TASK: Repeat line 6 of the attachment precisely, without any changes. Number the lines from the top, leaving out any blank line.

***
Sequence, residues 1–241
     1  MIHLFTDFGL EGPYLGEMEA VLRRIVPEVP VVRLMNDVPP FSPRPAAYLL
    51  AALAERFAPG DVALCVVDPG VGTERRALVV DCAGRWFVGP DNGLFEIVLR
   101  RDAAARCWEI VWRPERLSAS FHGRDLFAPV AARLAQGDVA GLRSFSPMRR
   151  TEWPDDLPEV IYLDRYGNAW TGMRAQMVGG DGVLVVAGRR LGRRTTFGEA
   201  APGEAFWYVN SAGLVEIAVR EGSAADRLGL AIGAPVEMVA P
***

   201  APGEAFWYVN SAGLVEIAVR EGSAADRLGL AIGAPVEMVA P